The breeze feels warmer heading into the dock at Millie's.  There's a fishing tournament going on for kids, they make room for me to tie up.  Across the field I see Millie waiting for me.  A quick bottle of water on her porch, then she follows me to the ramp where I leave my jeep and trailer, then back to Spartina to sail the last mile or so of the trip.  

A little over 292 miles, sixty six hours of sailing, a long dreamt of visit to Ocracoke.  A good trip, good to be back home.

closing in on Samoa

Webb Chiles is closing in on Apia, Samoa, the end of the second leg of his sail aboard Gannet.  He appears to be making excellent time, his last yellow brick mark showing a speed of 5.7 knots on a course of 207°.

Straight line distance from his last mark to Samoa is about 160 miles.  If the wind holds, and the wind from the earth wind map appears to be excellent, Webb could be in port in the next 24 to 36 hours, which would be slightly less than his prediction of a three week passage.  

I don't know about you, but I'm having a great time following along on the sail.  (The photo above is from Gannet off of San Diego last February.)  As for my own sailing, tomorrow looks pretty good.

Thursday, July 17, 2014

an update from Aruba

Rik, my friend from Aruba, sent this photo of his Pathfinder to give me an update on the build.  He has interior hull painting, rigging, outfitting and a trailer left to do, hopes to have her on the water in a month or two.  Very nice job, don't you think? 

And every good boat shop needs a dog, preferably one curled up on the floor.

Thanks, Rik, for the photo.

Wednesday, July 16, 2014

day eight - heading towards home

Under light grey skies I sleep in.  Tucked back in the shallows of Peter Mashoes Creek Spartina rested comfortably all night.  And so did I.  Steady NE wind, we sail off anchor at 6:40 under mizzen, jib and yesterday's double reefed main.  It is a quiet series of tacks into the wind and the incoming tide, centerboard raised about halfway as we work our way through the shallows and past the white sandy beaches.  

Croatan Sound, then NW past Cahoon Point into Albemarle Sound at 8:00.  Wind on the beam and we make over five knots through the fish traps and out into the open water.  

Wind falls off, we round up and full sail by 8:30, 5.5 knots.  Wind drops more and we are down to two or three knots as a crabber works pots to the NE.  The sun peeks through the overcast.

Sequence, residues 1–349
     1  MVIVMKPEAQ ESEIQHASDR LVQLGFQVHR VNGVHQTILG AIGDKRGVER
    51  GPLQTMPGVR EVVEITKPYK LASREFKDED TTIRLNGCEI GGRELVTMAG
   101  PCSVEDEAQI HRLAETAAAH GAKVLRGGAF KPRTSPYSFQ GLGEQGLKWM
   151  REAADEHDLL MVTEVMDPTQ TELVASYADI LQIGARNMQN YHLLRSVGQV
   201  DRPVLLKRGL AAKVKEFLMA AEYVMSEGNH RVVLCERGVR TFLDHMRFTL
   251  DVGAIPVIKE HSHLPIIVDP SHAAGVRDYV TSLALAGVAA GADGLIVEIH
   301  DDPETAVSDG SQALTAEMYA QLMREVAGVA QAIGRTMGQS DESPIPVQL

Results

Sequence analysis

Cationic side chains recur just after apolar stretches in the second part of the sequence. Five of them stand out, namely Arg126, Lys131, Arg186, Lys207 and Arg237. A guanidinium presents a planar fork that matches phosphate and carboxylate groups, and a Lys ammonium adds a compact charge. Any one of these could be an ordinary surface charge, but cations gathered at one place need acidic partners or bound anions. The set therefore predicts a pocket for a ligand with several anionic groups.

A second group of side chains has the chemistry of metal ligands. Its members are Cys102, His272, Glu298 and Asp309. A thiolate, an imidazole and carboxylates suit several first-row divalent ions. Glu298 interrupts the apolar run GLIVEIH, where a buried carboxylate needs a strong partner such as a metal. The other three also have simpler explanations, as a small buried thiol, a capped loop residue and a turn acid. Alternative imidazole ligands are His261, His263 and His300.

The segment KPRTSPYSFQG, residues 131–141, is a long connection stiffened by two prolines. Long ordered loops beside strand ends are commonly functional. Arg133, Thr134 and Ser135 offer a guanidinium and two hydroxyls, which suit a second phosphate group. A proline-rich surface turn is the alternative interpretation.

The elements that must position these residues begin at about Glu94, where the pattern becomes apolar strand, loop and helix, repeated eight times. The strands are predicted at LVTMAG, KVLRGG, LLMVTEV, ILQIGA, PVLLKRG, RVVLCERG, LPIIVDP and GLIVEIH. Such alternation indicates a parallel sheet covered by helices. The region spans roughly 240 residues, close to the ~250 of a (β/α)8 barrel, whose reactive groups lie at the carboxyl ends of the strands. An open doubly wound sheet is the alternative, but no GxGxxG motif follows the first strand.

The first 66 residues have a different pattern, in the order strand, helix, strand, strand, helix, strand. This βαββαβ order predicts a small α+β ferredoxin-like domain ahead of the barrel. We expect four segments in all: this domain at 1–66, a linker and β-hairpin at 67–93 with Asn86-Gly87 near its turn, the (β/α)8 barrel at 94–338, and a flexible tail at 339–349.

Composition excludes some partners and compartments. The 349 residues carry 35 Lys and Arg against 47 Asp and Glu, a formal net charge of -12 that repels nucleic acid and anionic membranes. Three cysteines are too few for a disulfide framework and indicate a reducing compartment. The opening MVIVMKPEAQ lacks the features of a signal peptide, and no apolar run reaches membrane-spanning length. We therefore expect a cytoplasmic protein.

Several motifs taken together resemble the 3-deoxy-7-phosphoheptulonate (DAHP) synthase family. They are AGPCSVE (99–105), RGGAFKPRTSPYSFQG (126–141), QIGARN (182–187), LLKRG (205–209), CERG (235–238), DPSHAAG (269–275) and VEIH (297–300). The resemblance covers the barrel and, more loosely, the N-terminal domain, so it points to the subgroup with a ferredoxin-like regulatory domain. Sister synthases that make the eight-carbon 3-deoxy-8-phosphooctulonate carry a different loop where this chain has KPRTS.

Half way across Albemarle Sound the wind comes and goes.  Under power, under sail, then power again.  The wind fills in late morning, the huge blimp building on the Pasquotank River shows above the tree line.  I'm surprised by a large motor vessel coming up from behind.  Tuna salad, crackers and a cup of fruit for lunch.  We enter the wide mouth of the Pasquotank just before noon, 5.5 knots.  

Steady, relaxing sailing to Newbegun Creek on the south shore of the river.  Confusing markers, at least to me.  Maybe privately maintained, I try to follow them, but found myself outside the channel and work my way in slowly.  A gazebo sits on a point to the west, a house and then farmland on the opposite shore.  We sail in under winds blocked by tall trees, tacking back and forth looking for a nice anchorage.  It is still early afternoon.  

Finally, a place behind the trees, around the corner from the homes and peaceful in the afternoon light.  Two fisherman in a jon boat work the tree stumps on the far side of the creek.  Anchor down, I tilt my hat over my eyes and drift off to sleep.

at the end of a long driveway

Take the bay bridge tunnel, north on 13 up the eastern shore, miss the turn and go farther up to a place that has a name like it's a town but has only a gas station and a few houses, take the side road west and then south, backtracking until I find the right road, the number on the road changing twice where it doesn't match the map, then another road and another where I finally see an address, then back a long driveway, I'm talking a couple miles long, past a farm field and through the trees, past the "no trespassing sign" and into thicker woods where the pine needle-cover sand path winds more until finally there's the hint of a house around the corner.  And beyond the house a creek and a pier.

It has been too long since I've been to the eastern shore.